Aldi is on Crownest Road, just off Skipton Road on the way out of town. Just in the shadow of the mill chimney (which could be demolished at any time). Open 08:00-2200 Mon-Sat, 10:00-16:00 Sun. Opposite Aldi is a Spar attached to a petrol station. You'll find a Co-op supermarket on Rainhall Road in the centre of town, just next to the car park. You can buy logs in Aldi in winter for a reasonable price. There's a larger Aldi right opposite a Lidl store in Colne, on North Valley Road. ​


Barlick is said to be host to the highest density of independent shops in England. Have a wander around the town centre and you'll quickly see why. here are a few pointers ​


Artisan (formerly Liddells) Bakery on the Town Square bakes excellent bread including its own sourdough, corn bread and chia bread certain days of the week. ​


Browns Butchers on the parade on Gisburn Road. They also sell some deli items and not very good bread. Better to go to Artisan Bakery on the square for bread. Hirst Butchers (11 Newtown, near the square) makes lovely sausages. However, if you want fantastic sausages and delicious hot meat pies, go to Stanforth's Butchers, Mill Bridge, Skipton just near the Castle ​​

Fruit and veggies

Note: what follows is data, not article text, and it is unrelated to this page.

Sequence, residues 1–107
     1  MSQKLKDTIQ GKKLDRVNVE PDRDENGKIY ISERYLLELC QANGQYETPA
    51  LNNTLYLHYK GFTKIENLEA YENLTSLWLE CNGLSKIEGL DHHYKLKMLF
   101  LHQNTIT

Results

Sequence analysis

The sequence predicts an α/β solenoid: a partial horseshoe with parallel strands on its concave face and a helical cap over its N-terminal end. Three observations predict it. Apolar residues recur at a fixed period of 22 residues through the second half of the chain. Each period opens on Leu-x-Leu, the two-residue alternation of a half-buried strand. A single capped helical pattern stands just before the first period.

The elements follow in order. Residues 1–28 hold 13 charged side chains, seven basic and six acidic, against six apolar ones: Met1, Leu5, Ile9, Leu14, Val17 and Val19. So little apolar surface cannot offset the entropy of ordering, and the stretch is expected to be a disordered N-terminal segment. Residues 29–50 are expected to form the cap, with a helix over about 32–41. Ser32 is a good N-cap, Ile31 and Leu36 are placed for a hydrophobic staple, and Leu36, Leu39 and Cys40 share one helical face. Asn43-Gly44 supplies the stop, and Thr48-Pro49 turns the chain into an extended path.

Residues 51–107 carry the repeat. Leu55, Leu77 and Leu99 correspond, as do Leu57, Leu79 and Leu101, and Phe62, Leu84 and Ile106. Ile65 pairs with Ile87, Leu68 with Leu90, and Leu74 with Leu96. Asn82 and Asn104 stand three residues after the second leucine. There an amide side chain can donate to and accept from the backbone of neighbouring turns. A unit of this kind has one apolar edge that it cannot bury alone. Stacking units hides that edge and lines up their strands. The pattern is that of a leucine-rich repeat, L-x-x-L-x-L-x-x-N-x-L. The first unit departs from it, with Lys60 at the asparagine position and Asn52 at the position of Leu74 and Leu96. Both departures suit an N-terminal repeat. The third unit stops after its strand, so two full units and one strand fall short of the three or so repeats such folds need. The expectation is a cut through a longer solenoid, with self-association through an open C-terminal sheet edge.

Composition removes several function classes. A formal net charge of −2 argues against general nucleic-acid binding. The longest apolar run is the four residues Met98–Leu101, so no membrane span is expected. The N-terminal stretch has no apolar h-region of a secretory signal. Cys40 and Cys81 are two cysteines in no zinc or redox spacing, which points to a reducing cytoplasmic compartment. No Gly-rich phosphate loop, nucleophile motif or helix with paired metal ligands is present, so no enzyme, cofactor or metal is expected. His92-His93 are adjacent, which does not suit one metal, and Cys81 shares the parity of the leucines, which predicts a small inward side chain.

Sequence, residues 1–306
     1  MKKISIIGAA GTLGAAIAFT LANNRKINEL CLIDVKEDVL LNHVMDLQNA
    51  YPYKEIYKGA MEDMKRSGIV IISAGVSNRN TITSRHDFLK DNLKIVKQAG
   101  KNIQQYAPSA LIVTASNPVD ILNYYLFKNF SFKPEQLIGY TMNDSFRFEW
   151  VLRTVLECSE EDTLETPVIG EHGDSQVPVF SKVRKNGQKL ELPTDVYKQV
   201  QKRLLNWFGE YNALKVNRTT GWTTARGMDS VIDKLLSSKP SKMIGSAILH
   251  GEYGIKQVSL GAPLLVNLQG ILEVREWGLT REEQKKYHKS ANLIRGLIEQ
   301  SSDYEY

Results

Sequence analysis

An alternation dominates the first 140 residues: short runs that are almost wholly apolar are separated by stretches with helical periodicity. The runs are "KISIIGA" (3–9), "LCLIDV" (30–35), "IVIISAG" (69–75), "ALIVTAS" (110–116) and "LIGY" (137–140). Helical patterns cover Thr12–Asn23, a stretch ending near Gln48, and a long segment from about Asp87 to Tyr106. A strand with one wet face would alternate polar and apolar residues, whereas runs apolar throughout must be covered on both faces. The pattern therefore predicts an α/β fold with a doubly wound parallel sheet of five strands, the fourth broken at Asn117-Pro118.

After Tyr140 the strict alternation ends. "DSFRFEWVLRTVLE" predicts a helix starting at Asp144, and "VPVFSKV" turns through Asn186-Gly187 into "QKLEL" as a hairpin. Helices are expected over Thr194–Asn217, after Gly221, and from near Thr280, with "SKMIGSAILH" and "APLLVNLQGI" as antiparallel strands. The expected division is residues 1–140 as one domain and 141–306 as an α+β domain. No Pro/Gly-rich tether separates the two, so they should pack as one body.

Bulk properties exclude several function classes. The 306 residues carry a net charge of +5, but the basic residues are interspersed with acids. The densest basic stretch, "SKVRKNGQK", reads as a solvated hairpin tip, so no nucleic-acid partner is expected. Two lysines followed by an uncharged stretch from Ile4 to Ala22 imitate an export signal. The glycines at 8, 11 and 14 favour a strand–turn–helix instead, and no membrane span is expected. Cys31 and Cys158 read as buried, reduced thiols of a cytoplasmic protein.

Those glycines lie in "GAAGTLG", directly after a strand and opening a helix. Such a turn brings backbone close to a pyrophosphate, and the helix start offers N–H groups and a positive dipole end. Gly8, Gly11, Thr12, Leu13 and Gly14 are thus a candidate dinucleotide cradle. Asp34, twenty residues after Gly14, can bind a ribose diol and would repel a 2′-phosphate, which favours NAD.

Chaudhury's Continental Store on the square sells a good range of fruit and vegetables which are usually very fresh. He also sells herbs, spices, milk and various other grocery items. ​


There's a small laundromat (coin-op) at the far end of the parade on Gisburn Road four minutes' walk from Pickles Cottage. ​



The Fountain Inn on Church Street used to do nice food but has been in a state of flux lately. It's not really possible to predict what will be on offer when you're in town. ​

There's an array of take-aways in town, comprising all the usual suspects (fish and chips, curries, kebabs, pizza etc) and a number of cafés clustered around the square. Close to the square on Newtown, just up from the butcher's is Café Julia, a charming little establishment bedecked with flowers. ​ ​

If you fancy a good breakfast, the Esse Stove Factory on Long Ing Lane by the canal does an excellent full English along with many other food options. It's also a display room for their stoves, which they have going during the winter, so it really is cosy. ​ ​

If you head out of town towards Skipton, shortly before you arrive at the A59 roundabout, you approach the hamlet of Elslack. Just on the right is a large pub and hotel called the Tempest Arms. We've eaten there and like it, though it's not a cheap option. Continuing on to he A59, you'll soon see Broughton Hall on the right and almost immediately the Bull Inn. The Bull serves good quality food and both pubs serve excellent beers. ​ ​

​If you crave a McDonald's, you'll find the golden arches on North Valley Road, Colne next door to KFC. Both have a Drive-Thru. McDonald's is open 24 hours but KFC shuts at 22:00. ​

Food options multiply greatly when you arrive in Skipton, reflecting its importance as the Gateway to the Dales.

Pickles Cottage is located in a quiet residential area on the edge of the small town of Barnoldswick in Lancashire.

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IMAGE CREDITS in order of appearance: Shaun Nixon; Chris Allen; Tom Clifton; Oxyman. Images, on this page only, used under Creative Commons License